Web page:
Khartoum — Sudan and South Sudanese president will meet Friday in Addis Ababa to discuss the implementation of the a cooperation agreement they signed last September following the failure of a recent round of talks between negotiating teams.
President Omer Al-Bashir smiles after shaking hands with his South Sudanese counterpart Salva Kiir following a meeting in Addis Ababa, on July 14, 2012 (Getty)
The presidential meeting comes after a breakdown in the talks at the level of the joint political and security committee on the implementation of the buffer zone.
Khartoum said Juba does not want pull out its troops from the disputed area of Mile 14, as the later accused Khartoum of seeking to add new provisions to the security arrangements to prevent Sudanese rebels from crossing to South Sudan.
President Omer Al-Bashir will meet his South Sudanese counterpart in Addis Ababa on the sidelines of the African Union summit, the official SUNA said on Thursday adding that he will also address the AU Peace and Security Council (AUPSC) which will kick off on Friday.
The presidential meeting will also discuss the divergence on the formation of Abyei legislative council as the South Sudanese side wants 12 of the 20 seats as it was the case before the independence. But Khartoum refused the quest and demands 50% stressing they accepted the past situation to promote unity.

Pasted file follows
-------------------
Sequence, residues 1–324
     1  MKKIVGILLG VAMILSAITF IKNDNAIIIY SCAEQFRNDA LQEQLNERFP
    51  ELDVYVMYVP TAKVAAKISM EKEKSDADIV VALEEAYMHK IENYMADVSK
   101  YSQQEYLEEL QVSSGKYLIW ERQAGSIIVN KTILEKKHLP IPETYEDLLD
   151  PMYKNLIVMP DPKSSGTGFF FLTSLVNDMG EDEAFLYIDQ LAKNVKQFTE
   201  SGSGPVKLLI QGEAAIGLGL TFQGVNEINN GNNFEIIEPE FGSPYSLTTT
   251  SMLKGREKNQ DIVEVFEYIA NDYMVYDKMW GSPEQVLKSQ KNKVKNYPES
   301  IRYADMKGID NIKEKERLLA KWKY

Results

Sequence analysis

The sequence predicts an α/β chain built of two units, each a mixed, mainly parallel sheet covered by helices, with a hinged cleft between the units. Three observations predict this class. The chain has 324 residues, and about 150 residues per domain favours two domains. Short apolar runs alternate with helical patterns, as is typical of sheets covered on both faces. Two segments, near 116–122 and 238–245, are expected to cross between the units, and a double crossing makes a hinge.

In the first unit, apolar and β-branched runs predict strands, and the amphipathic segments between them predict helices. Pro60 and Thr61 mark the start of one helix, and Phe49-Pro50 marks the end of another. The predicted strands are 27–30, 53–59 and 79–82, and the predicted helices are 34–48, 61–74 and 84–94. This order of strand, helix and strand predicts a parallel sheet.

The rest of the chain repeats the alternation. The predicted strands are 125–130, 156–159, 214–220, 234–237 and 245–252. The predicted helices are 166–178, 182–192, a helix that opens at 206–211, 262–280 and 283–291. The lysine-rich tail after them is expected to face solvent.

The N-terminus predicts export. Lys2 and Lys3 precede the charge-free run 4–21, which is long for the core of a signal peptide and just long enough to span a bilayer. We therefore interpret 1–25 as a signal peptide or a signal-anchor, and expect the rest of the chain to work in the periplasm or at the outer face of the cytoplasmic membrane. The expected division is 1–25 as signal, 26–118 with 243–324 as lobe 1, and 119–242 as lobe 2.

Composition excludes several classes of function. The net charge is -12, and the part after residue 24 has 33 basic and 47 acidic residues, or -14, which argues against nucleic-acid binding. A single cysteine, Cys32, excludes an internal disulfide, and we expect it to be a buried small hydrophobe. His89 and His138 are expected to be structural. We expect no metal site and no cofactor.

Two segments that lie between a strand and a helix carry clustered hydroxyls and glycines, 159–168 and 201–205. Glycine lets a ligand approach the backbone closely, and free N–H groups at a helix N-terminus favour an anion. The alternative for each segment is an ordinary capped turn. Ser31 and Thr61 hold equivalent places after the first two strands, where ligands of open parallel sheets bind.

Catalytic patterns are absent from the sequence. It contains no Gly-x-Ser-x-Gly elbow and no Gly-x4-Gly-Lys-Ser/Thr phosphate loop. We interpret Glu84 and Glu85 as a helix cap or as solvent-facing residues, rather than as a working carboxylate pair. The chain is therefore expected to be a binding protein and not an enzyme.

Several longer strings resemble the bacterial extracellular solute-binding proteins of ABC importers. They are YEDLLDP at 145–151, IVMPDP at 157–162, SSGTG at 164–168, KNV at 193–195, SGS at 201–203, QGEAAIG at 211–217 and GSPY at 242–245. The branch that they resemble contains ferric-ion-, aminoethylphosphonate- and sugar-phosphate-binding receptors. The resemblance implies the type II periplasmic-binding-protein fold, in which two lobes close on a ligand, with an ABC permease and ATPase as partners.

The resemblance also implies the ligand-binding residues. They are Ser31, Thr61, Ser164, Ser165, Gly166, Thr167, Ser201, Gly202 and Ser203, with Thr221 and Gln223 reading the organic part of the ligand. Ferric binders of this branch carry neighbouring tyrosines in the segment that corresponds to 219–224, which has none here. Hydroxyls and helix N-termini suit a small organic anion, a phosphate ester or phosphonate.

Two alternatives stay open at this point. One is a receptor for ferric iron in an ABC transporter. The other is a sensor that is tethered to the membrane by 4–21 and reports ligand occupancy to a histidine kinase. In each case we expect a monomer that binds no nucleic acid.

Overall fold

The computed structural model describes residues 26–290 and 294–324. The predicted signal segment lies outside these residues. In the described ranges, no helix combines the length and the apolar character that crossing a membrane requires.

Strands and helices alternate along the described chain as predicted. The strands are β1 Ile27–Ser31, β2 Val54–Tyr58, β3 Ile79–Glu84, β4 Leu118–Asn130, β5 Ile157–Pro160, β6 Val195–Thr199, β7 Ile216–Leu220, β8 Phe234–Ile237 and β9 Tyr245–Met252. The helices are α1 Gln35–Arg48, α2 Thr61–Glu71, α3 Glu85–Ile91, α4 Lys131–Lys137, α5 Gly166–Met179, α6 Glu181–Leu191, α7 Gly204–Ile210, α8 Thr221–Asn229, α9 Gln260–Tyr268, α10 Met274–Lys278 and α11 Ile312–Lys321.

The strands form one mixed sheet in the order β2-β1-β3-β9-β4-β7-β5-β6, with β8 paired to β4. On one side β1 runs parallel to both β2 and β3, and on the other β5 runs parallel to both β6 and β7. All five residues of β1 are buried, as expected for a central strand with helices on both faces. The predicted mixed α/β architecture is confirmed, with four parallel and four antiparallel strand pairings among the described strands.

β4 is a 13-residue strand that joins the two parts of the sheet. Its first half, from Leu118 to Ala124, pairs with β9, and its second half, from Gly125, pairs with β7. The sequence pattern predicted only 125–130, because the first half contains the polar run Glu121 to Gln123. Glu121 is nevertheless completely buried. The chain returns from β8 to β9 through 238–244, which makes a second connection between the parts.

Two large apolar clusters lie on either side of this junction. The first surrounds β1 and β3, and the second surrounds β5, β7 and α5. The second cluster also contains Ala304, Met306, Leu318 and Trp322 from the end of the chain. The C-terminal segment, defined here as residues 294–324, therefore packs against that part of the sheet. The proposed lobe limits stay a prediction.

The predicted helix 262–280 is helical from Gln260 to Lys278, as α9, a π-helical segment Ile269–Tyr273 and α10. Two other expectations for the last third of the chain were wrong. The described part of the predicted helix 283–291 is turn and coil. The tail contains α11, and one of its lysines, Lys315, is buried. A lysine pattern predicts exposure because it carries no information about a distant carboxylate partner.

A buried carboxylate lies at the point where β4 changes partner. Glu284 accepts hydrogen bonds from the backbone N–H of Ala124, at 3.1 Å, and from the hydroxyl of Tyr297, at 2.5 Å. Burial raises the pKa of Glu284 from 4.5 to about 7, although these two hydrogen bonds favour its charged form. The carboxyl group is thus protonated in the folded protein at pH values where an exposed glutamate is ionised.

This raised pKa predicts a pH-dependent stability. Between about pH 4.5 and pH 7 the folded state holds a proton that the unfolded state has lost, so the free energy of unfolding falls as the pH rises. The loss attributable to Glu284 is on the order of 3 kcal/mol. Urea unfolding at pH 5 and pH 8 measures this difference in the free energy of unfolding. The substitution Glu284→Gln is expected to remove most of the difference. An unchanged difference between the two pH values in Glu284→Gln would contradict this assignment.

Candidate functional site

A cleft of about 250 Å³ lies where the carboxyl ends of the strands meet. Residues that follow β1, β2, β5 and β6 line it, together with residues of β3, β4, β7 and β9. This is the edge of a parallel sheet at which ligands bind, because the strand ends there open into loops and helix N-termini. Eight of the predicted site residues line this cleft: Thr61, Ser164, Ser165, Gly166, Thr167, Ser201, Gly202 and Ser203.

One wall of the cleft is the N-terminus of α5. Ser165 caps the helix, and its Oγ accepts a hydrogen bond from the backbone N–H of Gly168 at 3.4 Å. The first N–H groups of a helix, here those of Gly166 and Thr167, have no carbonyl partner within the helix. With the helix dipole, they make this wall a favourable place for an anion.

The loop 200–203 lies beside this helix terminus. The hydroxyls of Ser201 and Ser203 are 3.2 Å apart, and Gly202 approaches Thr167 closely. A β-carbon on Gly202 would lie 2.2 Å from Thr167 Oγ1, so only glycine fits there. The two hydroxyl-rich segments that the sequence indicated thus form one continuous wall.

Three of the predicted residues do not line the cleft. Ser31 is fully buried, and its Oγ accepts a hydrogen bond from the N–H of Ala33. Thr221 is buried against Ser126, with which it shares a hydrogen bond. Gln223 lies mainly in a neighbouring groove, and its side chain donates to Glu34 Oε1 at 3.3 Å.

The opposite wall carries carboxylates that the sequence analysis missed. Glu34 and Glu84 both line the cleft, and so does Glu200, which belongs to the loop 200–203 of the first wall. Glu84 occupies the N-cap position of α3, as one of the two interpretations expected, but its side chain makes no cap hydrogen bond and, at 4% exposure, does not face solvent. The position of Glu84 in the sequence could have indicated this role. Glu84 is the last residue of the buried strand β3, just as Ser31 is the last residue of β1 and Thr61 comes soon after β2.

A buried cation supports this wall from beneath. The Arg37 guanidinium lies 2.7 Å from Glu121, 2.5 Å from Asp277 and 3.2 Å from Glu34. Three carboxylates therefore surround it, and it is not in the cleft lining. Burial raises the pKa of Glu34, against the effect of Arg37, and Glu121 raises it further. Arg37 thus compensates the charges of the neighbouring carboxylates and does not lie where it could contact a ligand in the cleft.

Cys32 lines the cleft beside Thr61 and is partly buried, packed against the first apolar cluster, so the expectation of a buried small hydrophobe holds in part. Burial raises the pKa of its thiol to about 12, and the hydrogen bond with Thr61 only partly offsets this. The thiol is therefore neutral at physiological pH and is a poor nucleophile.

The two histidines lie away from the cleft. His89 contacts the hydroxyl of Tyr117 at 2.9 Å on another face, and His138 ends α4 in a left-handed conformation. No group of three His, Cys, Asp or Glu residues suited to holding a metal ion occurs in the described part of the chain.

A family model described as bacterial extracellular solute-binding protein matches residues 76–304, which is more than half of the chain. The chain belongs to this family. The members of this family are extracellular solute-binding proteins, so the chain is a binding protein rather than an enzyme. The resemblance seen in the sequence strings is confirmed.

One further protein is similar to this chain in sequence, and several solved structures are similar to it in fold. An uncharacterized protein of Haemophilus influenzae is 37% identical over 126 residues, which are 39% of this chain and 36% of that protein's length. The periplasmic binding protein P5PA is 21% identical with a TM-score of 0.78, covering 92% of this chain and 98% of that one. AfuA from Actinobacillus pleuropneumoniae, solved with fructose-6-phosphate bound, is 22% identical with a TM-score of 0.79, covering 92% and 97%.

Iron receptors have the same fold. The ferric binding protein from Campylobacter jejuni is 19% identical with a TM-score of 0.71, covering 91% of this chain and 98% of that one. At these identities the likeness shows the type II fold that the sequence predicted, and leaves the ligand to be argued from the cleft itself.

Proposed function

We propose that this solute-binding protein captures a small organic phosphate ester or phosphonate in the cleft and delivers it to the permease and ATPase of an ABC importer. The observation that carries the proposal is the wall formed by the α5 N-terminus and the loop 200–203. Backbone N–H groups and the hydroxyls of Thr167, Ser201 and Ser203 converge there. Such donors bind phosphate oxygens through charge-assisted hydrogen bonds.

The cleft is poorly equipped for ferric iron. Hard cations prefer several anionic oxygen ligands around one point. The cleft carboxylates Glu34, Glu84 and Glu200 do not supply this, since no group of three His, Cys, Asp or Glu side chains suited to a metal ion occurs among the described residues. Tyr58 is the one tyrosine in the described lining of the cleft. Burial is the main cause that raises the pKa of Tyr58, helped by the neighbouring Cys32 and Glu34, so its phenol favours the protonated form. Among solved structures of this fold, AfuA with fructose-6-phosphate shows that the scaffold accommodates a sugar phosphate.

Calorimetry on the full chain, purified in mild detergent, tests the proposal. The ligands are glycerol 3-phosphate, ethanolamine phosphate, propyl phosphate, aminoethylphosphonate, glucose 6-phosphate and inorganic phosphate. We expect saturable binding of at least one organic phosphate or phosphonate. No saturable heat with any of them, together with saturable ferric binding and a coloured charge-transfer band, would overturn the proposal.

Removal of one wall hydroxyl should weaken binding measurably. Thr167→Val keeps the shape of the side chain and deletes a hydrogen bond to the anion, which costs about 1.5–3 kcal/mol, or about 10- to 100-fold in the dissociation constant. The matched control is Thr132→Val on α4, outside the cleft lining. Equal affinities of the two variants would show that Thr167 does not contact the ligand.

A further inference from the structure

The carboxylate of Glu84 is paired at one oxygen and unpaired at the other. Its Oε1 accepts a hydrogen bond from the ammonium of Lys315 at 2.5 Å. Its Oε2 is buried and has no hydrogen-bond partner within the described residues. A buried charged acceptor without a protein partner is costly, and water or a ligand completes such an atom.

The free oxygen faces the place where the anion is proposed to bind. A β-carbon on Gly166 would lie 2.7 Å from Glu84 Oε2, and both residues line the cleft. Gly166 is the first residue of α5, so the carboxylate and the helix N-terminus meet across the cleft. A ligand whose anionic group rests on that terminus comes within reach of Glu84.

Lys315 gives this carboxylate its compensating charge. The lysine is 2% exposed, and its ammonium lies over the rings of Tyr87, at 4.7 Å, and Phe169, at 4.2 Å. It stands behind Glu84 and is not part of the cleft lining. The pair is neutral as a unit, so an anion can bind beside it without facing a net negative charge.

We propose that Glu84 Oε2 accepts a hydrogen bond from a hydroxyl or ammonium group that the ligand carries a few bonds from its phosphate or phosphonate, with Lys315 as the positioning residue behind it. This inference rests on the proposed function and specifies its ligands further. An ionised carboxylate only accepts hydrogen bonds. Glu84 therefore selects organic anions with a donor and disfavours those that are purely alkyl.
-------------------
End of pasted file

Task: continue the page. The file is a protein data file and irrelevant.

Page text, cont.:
Unconfirmed reports say the mediation will submit new proposals to the presidential meeting aiming to facilitate a comprehensive settlement to the outstanding issues.
The AUPSC meeting at the presidential level will to discuss the stalemate in the talks between Khartoum and Juba, and also has to decide on whether or not it will refer a proposal to organise a referendum on Abyei final status next October to the U.N. Security Council.
No oil exportation before an accord on security issue
The United States this week regretted the failure of talks between the two countries and urged Khartoum to allow the exportation of the South Sudanese oil saying such move will bring Juba to cooperate with Khartoum on "security interests".
Washington also urged the Sudanese government to hold talks with rebel SPLM-North to address the conflict in South Kordofan and Blue Nile.
However, Khartoum refused Thursday foreign call to enforce the agreement on oil exportation before the disengagement between Juba and the SPLM-N fighters.
The Sudanese Foreign Minister, Ali Karti has expressed his country's refusal of the Western efforts for implementation of the agreement on oil with South Sudan before completion of the security arrangements.
He stressed that such a move is "unacceptable".
Speaking from Addis Ababa on Thursday after meetings with a number of African and foreign counterparts he said that the two presidents, Bashir and Kiir, agreed at their last meeting to carry out the signed deals without new conditions and in a coordinated manner between the different agreements.
The Sudanese foreign minister went to wonder why, the security arrangements were not coordinated with opening of the borders for trade as well as opening the oil pipelines.
He expressed to the African and foreign officials in Addis Ababa Sudan's hope that the meeting between the two presidents would help in the implementation of agreements and ensure commitment to what has been signed.